Date/place of birth
January 14, 1965, Wervik, Belgium
Wim Delvoye biography
Wim Delvoye loves contrasts. The Belgian conceptual artist does not just depict them, he also lives and embodies them - his art correspondingly has a polarizing effect on critics and the public. Between contempt and adoration, he experiences a broad spectrum of extremes and thus proves one thing in particular: his work is without comparison.
Wim Delvoye blurs the boundaries of aestheticism
Wim Delvoye was born in Belgian Wervik in 1965. He owes not only his love of craftsmanship to his Flemish background, but also his drive for freedom und his repeatedly demonstrated appreciation for unconventionality. This combination is also clearly evident in his art, with some critics of the opinion that it occasionally veers too far in the direction of kitsch and relies on shrill provocation. He designed the artwork Chapelle for Mudam in Luxembourg, a chapel built entirely of metal in the Gothic style. As if the building material used was not unusual enough, it is the windows in particular, which Wim Delvoye used for his provocative messages. The glass pictures show coloured, black and grey depictions of very unholy motifs of grotesques, the middle finger, skulls and bones, a decidedly aesthetic message in supposedly religious guise. The border between the beauty of Gothic sacred buildings and the ugliness of the disfigured faces and obscene gestures thus becomes blurred.
The human body as metal cesspit
William Delvoye invests greatly in his sometimes sprawling monumental replicas of vehicles and buildings. Like the line between beautiful and ugly, so the line between craftwork and art is blurred when he employs whole crowds of artisans to execute his precisely considered decorative ornaments. In doing so, the artist refers back to existing artistic traditions and makes specific use of the experience of his colleagues whom he recruits from various countries and cultures. One highlight of his oeuvre, naturally contentious - how could it be anything else with Wim Delvoye – is the spectacular work Cloaca, a metal replica of the complex human digestive system, made in collaboration with expert scientists, which generates artificial faeces with the help of enzymes and other substances. It is high-tech, not unlike the prop from a grotesque horror film. “Artist’s shit”, Delvoye calls it with relish - and grazes on the wrath of those who sense the faecal matter more than the artwork in this approach to art. As a reaction to the taunts and protests, he quickly designed a second version, Cloaca – New & Improved, which he proudly presented in Basel.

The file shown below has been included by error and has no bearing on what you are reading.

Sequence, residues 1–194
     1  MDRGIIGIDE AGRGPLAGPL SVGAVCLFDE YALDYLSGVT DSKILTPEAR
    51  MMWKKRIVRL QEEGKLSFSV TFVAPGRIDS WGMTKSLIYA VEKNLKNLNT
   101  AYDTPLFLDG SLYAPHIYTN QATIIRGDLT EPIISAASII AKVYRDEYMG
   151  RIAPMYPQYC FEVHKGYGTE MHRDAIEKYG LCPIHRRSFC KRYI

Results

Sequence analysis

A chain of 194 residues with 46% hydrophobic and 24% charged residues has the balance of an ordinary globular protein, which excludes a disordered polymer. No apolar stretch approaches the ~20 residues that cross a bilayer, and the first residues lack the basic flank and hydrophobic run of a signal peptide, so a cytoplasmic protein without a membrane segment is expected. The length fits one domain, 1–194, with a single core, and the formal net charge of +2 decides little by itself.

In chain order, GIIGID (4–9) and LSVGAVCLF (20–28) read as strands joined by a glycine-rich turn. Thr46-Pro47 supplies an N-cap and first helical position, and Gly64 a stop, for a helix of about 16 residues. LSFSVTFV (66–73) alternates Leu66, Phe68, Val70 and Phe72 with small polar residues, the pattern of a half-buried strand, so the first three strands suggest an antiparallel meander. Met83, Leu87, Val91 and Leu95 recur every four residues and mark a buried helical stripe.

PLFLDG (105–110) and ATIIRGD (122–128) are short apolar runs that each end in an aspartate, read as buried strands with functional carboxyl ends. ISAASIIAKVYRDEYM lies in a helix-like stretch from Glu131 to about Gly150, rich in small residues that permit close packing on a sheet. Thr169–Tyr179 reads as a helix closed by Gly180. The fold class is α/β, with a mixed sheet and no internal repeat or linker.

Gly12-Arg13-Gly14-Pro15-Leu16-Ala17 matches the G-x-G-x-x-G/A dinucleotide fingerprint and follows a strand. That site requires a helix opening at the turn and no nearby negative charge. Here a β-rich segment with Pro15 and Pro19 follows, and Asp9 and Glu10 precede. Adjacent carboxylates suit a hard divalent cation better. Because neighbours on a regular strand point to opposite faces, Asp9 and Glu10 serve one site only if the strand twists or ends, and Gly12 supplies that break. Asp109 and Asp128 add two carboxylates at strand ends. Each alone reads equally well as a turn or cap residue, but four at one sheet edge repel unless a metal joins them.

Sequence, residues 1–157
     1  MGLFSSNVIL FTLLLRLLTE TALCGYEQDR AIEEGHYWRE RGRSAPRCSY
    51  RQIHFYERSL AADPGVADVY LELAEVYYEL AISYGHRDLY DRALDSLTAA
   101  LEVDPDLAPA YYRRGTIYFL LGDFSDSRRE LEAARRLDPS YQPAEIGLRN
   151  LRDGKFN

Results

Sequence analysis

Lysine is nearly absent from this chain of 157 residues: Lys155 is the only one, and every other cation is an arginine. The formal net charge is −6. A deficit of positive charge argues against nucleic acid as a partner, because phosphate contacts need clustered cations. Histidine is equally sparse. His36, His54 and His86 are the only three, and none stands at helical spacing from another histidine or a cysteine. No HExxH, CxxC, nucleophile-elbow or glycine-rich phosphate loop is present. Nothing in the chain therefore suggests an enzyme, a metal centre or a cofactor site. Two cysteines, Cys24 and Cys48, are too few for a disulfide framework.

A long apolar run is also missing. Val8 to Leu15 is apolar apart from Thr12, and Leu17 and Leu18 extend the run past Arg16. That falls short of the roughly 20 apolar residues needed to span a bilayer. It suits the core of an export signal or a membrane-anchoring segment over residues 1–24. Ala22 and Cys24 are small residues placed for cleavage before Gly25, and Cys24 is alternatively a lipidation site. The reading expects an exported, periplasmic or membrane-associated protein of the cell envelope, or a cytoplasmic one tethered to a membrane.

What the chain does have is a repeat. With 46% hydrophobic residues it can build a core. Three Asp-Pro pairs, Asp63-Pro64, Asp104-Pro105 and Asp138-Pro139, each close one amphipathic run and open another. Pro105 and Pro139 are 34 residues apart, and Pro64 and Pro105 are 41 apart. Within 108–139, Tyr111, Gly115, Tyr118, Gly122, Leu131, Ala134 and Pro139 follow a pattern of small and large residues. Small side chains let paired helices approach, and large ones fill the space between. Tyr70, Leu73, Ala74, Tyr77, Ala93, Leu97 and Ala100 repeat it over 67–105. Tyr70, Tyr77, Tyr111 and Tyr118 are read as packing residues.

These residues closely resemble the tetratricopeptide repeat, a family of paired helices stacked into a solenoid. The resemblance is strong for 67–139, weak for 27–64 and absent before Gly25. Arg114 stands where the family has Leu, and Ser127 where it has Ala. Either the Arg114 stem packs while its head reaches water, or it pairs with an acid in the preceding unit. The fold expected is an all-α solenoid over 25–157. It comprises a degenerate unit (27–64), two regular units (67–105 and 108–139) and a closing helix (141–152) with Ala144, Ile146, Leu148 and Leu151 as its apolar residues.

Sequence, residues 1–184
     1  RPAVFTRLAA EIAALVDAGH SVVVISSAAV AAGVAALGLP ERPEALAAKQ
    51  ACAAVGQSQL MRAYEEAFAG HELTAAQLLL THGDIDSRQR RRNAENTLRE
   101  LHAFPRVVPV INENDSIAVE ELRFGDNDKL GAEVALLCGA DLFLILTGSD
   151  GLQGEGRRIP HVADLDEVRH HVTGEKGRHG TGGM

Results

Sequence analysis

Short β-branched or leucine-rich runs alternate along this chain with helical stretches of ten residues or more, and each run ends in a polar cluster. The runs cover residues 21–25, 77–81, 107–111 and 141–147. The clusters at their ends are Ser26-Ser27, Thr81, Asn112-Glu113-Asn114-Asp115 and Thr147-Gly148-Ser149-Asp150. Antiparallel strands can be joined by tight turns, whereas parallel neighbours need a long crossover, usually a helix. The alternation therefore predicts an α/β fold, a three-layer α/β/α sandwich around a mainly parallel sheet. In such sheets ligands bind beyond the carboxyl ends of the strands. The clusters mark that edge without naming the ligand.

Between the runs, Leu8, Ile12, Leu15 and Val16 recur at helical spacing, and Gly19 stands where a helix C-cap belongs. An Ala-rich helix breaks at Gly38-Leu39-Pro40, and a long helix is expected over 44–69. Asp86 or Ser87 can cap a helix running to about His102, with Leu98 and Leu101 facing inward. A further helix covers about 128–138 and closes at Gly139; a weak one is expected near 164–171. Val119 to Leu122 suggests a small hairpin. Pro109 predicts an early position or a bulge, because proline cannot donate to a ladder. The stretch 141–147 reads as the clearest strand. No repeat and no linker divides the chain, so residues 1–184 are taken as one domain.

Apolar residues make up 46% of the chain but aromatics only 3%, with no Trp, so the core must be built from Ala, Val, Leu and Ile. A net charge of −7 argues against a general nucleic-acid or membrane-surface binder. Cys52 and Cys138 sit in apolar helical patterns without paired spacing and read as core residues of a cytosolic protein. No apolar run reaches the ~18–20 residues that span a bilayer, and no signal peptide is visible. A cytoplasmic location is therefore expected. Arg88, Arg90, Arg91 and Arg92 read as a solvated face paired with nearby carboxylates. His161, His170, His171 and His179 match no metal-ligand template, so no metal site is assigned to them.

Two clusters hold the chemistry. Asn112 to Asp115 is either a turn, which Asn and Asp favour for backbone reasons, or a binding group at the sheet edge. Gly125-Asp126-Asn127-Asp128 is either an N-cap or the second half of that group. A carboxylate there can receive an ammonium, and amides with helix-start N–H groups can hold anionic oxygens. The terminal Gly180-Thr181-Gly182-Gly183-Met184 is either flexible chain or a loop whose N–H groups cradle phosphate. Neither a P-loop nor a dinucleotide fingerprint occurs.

A living work of art with tattoos
In the art of tattooing, William Delvoye sees an important opportunity to articulate himself creatively. In this, he also consciously chooses to cross boundaries that for many, are difficult to bear. He has piglets bred on a farm in Beijing which he tattooed with his pictures and then lets them grow as living artworks. The Swiss Tim Steiner had an elaborate tattoo done on his back of a Madonna with a skull, and was contractually obliged under Delvoye to present the artwork to the public – Steiner now sits as a living artwork for up to five hours a day, motionless, with his back on display. When he dies, his skin will be removed, prepared, and given to the collector who has already paid the significant sum of 150,000 euro for it. Should the human artwork Tim Steiner outlive his buyer, the skin will be transferred to the heirs. William Delvoye’s supporters answer the accusation of unethical practice by pointing out that art has nothing to do with morals – the basis for further discussion about the idiosyncratic Belgian is thus ensured.
© Kunsthaus Lempertz
Wim Delvoye Prices
|Wim Delvoye||Chapel (August)||€37.200|